Common Canine Etiquette – Dog Bite Prevention

Springtime weather is often the first excuse all year to get outside, get walking, and be active! This includes dogs and dogwalkers and owners. And while you may want to jog up and pet a friendly-looking dog right away, you should know that this may lead to a bite or serious injury. Because we can’t know exactly what our furry friends are thinking before we approach, its important to practice some caution when approaching canines. Here are some tips to help you prevent dog bites this spring:


  • Always ask if it is okay to pet someone else’s dog before reaching out to pet the dog.
  • When approached by an unfamiliar dog, remain motionless (“be still like a tree”).
  • If a dog knocks you over, curl into a ball with your head tucked and your hands over your ears and neck.
  • Immediately let an adult know about any stray dogs or dogs that are behaving strangely.


  • Don’t approach an unfamiliar dog.
  • Don’t run from a dog.
  • Don’t panic or make loud noises.
  • Don’t disturb a dog that is sleeping, eating, or caring for puppies.
  • Don’t pet a dog without allowing it to see and sniff you first.
  • Don’t encourage your dog to play aggressively.
  • Don’t let small children play with a dog unsupervised.

What to do if an unfamiliar dog approaches you and you do not want to interact with it:

  • Stop! Stay still and be calm.
  • Do not panic or make loud noises.
  • Avoid direct eye contact with the dog.
  • Say “No” or “Go Home” in a firm, deep voice.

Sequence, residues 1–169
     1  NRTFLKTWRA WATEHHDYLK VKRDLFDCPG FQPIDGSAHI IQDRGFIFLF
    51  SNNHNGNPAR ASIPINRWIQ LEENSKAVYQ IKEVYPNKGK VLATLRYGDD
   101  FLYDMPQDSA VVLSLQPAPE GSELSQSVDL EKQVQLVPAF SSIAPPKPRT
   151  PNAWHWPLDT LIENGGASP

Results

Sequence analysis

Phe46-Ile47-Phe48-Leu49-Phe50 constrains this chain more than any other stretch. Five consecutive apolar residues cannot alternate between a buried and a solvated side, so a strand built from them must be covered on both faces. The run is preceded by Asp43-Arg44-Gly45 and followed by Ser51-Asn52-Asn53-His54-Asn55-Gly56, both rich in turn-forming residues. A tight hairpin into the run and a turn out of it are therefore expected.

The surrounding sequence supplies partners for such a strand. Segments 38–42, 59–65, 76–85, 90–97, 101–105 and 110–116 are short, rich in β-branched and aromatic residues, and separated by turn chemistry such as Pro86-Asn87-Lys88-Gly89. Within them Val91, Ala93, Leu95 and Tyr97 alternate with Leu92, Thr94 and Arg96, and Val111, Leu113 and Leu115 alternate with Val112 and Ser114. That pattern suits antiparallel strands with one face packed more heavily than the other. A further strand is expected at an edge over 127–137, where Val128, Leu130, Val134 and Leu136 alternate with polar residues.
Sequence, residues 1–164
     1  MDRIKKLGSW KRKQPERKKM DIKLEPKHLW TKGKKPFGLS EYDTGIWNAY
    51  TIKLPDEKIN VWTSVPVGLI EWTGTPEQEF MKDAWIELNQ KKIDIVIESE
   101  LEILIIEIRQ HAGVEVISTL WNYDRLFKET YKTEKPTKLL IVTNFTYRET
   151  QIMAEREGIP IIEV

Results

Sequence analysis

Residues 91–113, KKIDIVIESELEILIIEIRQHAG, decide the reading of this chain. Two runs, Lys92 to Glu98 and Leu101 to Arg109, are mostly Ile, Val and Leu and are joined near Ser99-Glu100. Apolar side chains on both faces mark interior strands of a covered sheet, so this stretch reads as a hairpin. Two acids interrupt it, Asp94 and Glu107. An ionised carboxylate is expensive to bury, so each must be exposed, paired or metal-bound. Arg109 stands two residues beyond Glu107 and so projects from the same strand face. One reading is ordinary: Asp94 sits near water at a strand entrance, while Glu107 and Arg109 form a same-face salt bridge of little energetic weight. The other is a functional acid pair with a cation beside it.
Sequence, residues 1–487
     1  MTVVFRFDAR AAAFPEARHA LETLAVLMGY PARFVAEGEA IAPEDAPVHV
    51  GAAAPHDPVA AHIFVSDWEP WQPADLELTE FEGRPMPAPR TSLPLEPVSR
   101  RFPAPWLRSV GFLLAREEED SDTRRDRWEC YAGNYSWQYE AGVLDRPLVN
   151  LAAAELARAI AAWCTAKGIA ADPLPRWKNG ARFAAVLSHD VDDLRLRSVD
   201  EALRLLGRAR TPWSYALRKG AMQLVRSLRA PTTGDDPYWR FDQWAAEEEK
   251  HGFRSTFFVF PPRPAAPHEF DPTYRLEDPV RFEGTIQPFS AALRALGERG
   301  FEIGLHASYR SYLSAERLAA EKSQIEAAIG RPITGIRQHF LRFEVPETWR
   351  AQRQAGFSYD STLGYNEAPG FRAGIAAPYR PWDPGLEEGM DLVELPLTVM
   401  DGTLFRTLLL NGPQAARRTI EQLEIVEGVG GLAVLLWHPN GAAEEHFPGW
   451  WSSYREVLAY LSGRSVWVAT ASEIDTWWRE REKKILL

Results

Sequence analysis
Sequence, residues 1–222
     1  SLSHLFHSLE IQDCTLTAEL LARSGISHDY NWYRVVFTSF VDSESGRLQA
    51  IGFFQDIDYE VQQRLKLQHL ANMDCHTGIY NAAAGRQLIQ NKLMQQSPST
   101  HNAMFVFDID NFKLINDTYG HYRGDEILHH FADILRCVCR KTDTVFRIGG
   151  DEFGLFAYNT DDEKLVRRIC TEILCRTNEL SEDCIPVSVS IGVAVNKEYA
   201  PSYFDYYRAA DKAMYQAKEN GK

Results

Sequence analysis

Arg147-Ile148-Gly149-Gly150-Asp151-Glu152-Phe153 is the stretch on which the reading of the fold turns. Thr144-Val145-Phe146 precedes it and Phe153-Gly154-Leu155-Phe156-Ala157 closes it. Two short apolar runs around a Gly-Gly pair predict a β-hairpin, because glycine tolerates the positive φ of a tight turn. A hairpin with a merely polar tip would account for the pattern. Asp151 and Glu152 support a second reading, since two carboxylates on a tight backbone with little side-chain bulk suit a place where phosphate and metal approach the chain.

• Stand with the side of your body facing the dog. Facing a dog directly can appear aggressive to the dog. Instead, keep your body turned partially or completely to the side.
  • Slowly raise your hands to your neck, with your elbows in.
  • Wait for the dog to pass or slowly back away.

If you are attacked by a dog and call animal control, tell the animal control official everything you know about the dog, including his owner’s name and the address where they live. If the dog is a stray, tell the animal control official what the dog looks like, where you saw him, whether you’ve seen him before and in which direction he went.

The Richmond, Virginia personal injury lawyers of Collier & Collier, P.C. will take the right action to make sure you receive all of the compensation to which you are entitled. You may be entitled to payment for medical costs, property damage, lost wages, cost of rehabilitation, permanent injuries, physical pain, and emotional suffering. You can call Collier & Collier P.C. at 877.825.0543 for an experienced personal injury lawyer.